Duncan and the children reach the shealing huts long before the carts and the older people. Gilleasbuig Sgoilear who, with two or three others, come a little in advance of the second brigade, is astonished to find Duncan seated on a small mound, busy at some kind of odd work on a shepherd's crook, and the children quietly watching him. He had got a piece of cloth, and stuffed it with moss and heather, then made a close tie round its end, so as to produce the appearance of a round head and short neck, with a fat round body below. He next bound the figure to the crook, and lifting up his work, and surveying it with half-shut eyes, he pronounced it "ro math," or very good.

"And what may it be at all, at all?" asked Gilleasbuig, who had been observing his proceedings for some minutes.

"Domhnan a bheannachadh an fheoir" (a Domhnan to bless the grass), replied Duncan, without hesitation.

"Ah, for sure! Duncan, hast thou words?"

"Ugh, yes. Make a circle."

The other people were come up by this time, and they thought it rare good fun to make a circle round the Fool, who, standing high on his bit of mound, or tolman, held the Domhnan above his head, at the utmost stretch of his arm, and, to Gilleasbuig's particular delight, repeated words much to the following effect when turned into English: —

Ghair an Doire!
Be it so,
Where sunlight beams
On men below,
Where dry lands be
And waters flow,
Let cattle thrive,
And green grass grow;
Let fishes seek,
In serried row,
River, loch, and shore.

Ghair an Doire!
Peace and store,
Meat, milk, and corn,
And gifts, galore,
Day's golden orb,
Oh, scorch not sore
Blight, rot, and plague,
And winds that roar,
Snow, hail, and flood,
And strife and gore,
Spare hopes and homes—
For evermore
Be off to Ifrinn, wet and frore.

Ghair an Doire!
Be it so!
We say it high,
We say it low,
Facing eastward,
Facing westward,
Facing southward,
Facing northward—
All the puirt the winds can blow.

Gilleasbuig (much delighted)—"Well done, Duncan. It is my thought there is more in thy block of a head than folk suppose. But the words are not Domhnan words. No, no; they are much older. They are Druidheachd words—that they are air Muire."

Peggy Bhuidhe (horrified)—"Keep us all! It is troking with Satan to be listening to witchcraft words!"

Angus, the shepherd (slyly)—"Aye, Peggy. It is by the Domhnan that Finlay Combach did his buidseachd. Is it not well known that in every trouble he used to say to his wife, 'Turn the Domhnan?'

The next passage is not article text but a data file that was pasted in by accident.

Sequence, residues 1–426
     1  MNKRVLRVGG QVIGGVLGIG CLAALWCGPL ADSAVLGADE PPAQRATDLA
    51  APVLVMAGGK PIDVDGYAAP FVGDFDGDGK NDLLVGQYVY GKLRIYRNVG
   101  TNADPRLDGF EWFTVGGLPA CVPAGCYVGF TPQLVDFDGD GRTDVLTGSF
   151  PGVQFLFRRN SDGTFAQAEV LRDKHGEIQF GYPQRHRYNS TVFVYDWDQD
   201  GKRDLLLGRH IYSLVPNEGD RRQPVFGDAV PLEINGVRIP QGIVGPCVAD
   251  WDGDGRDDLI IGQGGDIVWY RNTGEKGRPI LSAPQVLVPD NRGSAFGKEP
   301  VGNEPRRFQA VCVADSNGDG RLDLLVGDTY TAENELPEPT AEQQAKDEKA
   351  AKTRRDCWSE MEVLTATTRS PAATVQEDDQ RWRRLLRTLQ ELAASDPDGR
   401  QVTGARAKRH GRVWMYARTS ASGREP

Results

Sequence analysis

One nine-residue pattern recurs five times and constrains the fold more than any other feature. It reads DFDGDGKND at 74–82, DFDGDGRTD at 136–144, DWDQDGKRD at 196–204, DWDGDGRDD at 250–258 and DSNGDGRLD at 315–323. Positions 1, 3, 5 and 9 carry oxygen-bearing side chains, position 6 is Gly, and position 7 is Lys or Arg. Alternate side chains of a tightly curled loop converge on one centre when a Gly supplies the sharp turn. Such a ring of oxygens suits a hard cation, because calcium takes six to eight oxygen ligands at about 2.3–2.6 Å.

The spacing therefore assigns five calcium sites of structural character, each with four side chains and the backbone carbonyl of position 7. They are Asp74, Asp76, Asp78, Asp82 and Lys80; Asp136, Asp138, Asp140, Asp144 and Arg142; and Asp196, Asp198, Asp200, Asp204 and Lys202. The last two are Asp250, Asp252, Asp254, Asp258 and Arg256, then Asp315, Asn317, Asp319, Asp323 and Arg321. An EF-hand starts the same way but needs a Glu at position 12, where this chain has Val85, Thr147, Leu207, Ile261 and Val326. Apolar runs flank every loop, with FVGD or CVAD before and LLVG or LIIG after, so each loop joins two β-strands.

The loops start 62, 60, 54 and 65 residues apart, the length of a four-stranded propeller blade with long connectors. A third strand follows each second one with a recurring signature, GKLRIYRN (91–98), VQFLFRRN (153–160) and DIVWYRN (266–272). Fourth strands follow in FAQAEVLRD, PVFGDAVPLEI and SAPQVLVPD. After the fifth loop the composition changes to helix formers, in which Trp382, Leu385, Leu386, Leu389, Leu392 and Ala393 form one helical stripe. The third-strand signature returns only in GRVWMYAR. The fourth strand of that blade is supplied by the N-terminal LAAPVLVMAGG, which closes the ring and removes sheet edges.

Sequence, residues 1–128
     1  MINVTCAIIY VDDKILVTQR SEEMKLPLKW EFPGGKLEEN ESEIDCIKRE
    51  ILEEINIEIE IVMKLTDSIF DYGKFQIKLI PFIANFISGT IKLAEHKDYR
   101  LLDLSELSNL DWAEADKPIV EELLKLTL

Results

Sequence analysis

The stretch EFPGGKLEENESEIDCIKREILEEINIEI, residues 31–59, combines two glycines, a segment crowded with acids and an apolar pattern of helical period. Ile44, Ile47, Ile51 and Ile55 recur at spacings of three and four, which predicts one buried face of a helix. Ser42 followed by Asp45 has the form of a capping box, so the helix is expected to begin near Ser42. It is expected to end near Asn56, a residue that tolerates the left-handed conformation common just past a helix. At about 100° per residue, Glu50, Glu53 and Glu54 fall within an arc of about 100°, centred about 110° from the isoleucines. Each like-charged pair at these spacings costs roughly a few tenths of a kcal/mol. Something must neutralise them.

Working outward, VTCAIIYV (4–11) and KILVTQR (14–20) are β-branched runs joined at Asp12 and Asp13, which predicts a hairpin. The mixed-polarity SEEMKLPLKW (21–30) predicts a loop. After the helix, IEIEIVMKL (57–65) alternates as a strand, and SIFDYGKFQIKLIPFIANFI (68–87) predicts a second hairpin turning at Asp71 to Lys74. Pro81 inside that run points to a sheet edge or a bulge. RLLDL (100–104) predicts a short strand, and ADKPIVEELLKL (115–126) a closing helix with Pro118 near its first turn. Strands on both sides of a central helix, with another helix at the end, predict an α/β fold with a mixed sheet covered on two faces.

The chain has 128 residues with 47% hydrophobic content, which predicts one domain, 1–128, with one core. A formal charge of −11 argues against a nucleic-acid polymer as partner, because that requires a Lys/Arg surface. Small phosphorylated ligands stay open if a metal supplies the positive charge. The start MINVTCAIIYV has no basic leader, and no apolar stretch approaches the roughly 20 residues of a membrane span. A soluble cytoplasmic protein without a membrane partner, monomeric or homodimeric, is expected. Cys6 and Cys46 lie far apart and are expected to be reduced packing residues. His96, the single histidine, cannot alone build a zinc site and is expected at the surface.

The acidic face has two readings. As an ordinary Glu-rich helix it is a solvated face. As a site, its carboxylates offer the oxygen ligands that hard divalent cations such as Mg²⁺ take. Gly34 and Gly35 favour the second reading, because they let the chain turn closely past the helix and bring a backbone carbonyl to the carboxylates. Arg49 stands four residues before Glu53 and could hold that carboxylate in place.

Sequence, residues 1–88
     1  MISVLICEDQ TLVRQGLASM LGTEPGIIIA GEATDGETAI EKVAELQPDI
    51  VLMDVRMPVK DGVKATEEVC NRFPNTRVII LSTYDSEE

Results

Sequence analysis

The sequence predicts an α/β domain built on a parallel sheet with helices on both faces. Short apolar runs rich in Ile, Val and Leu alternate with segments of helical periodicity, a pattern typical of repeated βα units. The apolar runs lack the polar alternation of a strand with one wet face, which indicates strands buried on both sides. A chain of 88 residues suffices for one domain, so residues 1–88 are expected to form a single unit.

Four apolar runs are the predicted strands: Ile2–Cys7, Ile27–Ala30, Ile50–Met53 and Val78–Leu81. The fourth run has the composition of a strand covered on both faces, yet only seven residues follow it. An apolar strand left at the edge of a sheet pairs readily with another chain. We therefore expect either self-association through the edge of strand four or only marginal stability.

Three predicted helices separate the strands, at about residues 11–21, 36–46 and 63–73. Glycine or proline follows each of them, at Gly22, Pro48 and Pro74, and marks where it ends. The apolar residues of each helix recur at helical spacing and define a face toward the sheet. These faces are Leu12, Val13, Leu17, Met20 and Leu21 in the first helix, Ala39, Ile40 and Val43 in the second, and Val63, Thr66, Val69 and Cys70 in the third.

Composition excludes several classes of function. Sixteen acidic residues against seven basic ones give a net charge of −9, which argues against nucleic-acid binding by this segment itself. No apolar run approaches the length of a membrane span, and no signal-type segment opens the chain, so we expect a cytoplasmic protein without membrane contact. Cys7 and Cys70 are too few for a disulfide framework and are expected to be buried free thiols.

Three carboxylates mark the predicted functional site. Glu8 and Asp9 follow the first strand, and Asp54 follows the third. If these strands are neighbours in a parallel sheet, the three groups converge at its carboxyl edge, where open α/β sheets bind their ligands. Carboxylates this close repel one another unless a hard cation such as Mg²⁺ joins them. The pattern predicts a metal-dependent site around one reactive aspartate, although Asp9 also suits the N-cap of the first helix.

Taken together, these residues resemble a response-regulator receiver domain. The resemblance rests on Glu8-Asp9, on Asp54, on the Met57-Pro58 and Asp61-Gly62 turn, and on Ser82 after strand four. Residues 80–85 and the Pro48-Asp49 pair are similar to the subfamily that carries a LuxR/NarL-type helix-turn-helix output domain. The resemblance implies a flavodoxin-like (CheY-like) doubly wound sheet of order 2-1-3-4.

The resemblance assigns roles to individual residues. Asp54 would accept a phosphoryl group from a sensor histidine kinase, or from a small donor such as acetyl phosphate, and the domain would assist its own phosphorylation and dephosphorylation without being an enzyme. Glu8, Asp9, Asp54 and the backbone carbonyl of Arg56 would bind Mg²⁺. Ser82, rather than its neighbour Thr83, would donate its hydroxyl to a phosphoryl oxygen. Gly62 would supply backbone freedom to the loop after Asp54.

Gilleasbuig—"Peggy, thou art a foolish woman ; and Angus—well, he is a fox; just look at his red head, and the jink of fun in the tail end of his eye!"

"But whatever was the Domhnan?" asked a middle-aged farmer, who was repairing a hut door.

Gilleasbuig—"What was the Domhnan, indeed! Why, the Domhnan was the patron saint. Every parish had a patron saint before the faith of the Cuigse was established, and the priest went forth with the image of the saint to bless the grass. Domhnan is just the Latin word ' Dominus,' which means lord, that being the style in which the saint was asked to aid the prayers of the people that honoured him as a friend at Court."

Peggy—"Save us all! It is Papistry, and that is worse than witchcraft."

Gilleasbuig—"The patron saint of this parish was an excellent Culdee. You may be sure that nothing representing such a good man, not even Duncan's image, which is not much like a human being at all, can cause any evil to man, beast, or plant."

Angus—"But you said the words were not Domhnan words at all?"

Gilleasbuig—"For sure, they are not Domhnan words. I know what the priestly blessing of the grass was, and I wished to learn whether the meaning of the words used came down from lip to lip, in spite of the condemnation of these things by the Kirk, near three hundred years ago."

Peggy—"And you say there is no harm in black druidheachd?"

Gilleasbuig—"No harm whatever, when it is not black at all. Do you think our heathen ancestors never prayed from their hearts to the All-Father? Duncan, my good fellow, wilt thou tell me from whom thou didst learn the Ghair an Doire words? Try, think, and remember, man." Duncan could not tell, nor would he even try to remember. Having blessed the grass, he could think of nothing else now but the coming feast of cream and crowdie.